Skip to content

Monthly Archives: July 2015

Blue Moon

You may already know that Friday is a full moon … not only that, it’s a Blue Moon! A “Blue Moon” is of course an “extra” full moon, i.e., 13 instead of the normal 12 in a year. Since the average lunar cycle is 29.53 days, there are usually three full moons in an astronomical season, but sometimes (every 2 or 3 years) a fourth one will squeeze in. Once in a blue moon.

(BTW, the moon is not colored blue … that can happen if there is lots of smoke or dust in the air and has nothing to do with the timing. The etymology of the term is thought to have derived from the obsolete word “belewe,” which meant “betrayer.” It was the evil betrayer extra full moon that had to be fit into the Christian ecclesiastical calendar and would sometimes have caused people to continue fasting for an extra month in accordance with Lent. “Belewe” was eventually shortened to “blue.” So they say ….)

To complicate matters, there are two definitions: The original one is astronomical, i.e., the third full moon in a season of four. This last occurred on August 20, 2013, and will not occur again until May 21, 2016. We’re going with the calendar definition – actually a misconception perpetrated by the March 1946 issue of Sky & Telescope and now popularly held – that is, the second full moon in a month. That last occurred September 30, 2012 (in my Eastern time zone), and will next occur on Friday! A bunch of us are going out for a full (blue) moon midnight kayak in Cape Porpoise harbor.  The one after that will be January 31, 2018. Not a good night for kayaking.

Blue_Moon_of_November_21_2010_viewed_from_Brooklyn_NY_USA_Canon_40D_Celestron_4SEBlue moon of November 21, 2010, viewed from Brooklyn NYUSA. Courtesy Astroval1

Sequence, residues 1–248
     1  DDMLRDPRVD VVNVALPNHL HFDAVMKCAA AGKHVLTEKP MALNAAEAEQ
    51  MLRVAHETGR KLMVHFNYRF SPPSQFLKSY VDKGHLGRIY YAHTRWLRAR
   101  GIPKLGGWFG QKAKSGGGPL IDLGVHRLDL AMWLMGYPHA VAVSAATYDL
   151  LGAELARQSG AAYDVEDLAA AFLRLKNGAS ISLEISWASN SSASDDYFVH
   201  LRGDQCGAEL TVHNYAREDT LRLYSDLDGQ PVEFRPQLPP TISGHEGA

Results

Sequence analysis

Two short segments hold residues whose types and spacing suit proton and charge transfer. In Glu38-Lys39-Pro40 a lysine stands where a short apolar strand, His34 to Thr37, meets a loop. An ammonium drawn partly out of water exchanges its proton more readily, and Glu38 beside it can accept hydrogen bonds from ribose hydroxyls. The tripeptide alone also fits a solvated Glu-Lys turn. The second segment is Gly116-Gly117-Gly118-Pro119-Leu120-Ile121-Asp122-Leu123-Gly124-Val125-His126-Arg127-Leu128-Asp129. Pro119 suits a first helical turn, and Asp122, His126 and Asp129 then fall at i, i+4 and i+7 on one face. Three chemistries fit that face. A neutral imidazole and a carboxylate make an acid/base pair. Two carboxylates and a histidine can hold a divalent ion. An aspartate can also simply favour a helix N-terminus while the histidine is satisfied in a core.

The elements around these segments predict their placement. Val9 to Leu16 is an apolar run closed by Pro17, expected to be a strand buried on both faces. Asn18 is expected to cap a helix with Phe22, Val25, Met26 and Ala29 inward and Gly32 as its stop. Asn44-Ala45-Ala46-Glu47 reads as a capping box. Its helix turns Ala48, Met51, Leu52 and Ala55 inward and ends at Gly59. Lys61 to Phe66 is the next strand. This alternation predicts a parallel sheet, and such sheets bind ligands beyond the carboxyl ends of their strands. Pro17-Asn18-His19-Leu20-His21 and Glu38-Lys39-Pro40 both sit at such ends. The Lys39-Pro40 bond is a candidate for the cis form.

Happy Birthday, Amelia

Amelia Mary Earhart was born 118 years ago on July 24, 1897 in Atchison, Kansas. She disappeared on July 2, 1937, just weeks before her 40th birthday. She accomplished much in her short life, and chose to face many challenges. One of her more inspiring qualities was her willingness to decide on a goal and pursue it, without overthinking the pros and cons. As she once said:

“The most difficult thing is the decision to act, the rest is merely tenacity.”

Or to put it more directly:

“The most effective way to do it, is to do it.”

Of course, pursuing a goal is not without risk. Many of us are paralyzed into inaction by the fear of failure, which is all too real as Amelia herself discovered. Only those who are willing to try anyway have the chance for real achievement.


Photo by Albert Bresnik
Photo by Albert Bresnik

Wreckage of Kaga

During our September, 1999 expedition to image seafloor sonar targets at the site of the Battle of Midway, the Nauticos/NAVO team used a system called TOSS (Towed Optical Search System). Dangled from a cable over 17,000 feet below the surface, the instrument captured video and still images of a huge debris field of wreckage. Some of these pieces had unique features that confirmed we had found the Japanese aircraft carrier Kaga. Other artifacts, including a Japanese sailor’s boot, preserved for nearly seventy years, was evidence of the loss of life in battle. Three hundred and seven American sailors, Marines, and airmen perished in the battle, against over 3,000 Japanese.

49 Wreckage - image 256

Pieces of wreckage, large and small, were scattered in profusion around the area as seen in this montage. In the bottom photo, a deep sea worm left a trail as it gathered sustenance from the muddy bottom, evidence of life at extreme depths. The seafloor was thickly sprinkled with nodules of pure manganese. Nauticos.